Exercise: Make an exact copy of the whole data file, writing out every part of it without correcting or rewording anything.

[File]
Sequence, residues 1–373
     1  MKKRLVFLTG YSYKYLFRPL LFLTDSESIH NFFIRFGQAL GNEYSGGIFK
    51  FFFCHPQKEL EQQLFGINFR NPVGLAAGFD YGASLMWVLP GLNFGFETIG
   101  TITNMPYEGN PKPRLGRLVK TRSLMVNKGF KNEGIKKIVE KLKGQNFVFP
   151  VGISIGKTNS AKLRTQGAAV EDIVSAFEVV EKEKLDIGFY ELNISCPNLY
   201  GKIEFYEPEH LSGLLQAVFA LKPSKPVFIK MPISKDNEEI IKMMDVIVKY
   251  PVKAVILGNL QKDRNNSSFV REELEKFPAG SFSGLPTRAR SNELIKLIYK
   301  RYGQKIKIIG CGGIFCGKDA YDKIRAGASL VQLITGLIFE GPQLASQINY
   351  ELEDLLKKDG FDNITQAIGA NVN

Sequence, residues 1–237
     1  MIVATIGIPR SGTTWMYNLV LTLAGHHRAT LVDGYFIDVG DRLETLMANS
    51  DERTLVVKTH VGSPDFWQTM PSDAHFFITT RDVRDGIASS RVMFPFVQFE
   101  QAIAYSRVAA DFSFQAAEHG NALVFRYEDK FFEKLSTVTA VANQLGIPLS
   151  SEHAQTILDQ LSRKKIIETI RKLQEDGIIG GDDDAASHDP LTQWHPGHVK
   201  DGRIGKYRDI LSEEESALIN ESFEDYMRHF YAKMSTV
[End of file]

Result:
Sequence, residues 1–373
     1  MKKRLVFLTG YSYKYLFRPL LFLTDSESIH NFFIRFGQAL GNEYSGGIFK
    51  FFFCHPQKEL EQQLFGINFR NPVGLAAGFD YGASLMWVLP GLNFGFETIG
   101  TITNMPYEGN PKPRLGRLVK TRSLMVNKGF KNEGIKKIVE KLKGQNFVFP
   151  VGISIGKTNS AKLRTQGAAV EDIVSAFEVV EKEKLDIGFY ELNISCPNLY
   201  GKIEFYEPEH LSGLLQAVFA LKPSKPVFIK MPISKDNEEI IKMMDVIVKY
   251  PVKAVILGNL QKDRNNSSFV REELEKFPAG SFSGLPTRAR SNELIKLIYK
   301  RYGQKIKIIG CGGIFCGKDA YDKIRAGASL VQLITGLIFE GPQLASQINY
   351  ELEDLLKKDG FDNITQAIGA NVN

Sequence, residues 1–237
     1  MIVATIGIPR SGTTWMYNLV LTLAGHHRAT LVDGYFIDVG DRLETLMANS
    51  DERTLVVKTH VGSPDFWQTM PSDAHFFITT RDVRDGIASS RVMFPFVQFE
   101  QAIAYSRVAA DFSFQAAEHG NALVFRYEDK FFEKLSTVTA VANQLGIPLS
   151  SEHAQTILDQ LSRKKIIETI RKLQEDGIIG GDDDAASHDP LTQWHPGHVK
   201  DGRIGKYRDI LSEEESALIN ESFEDYMRHF YAKMSTV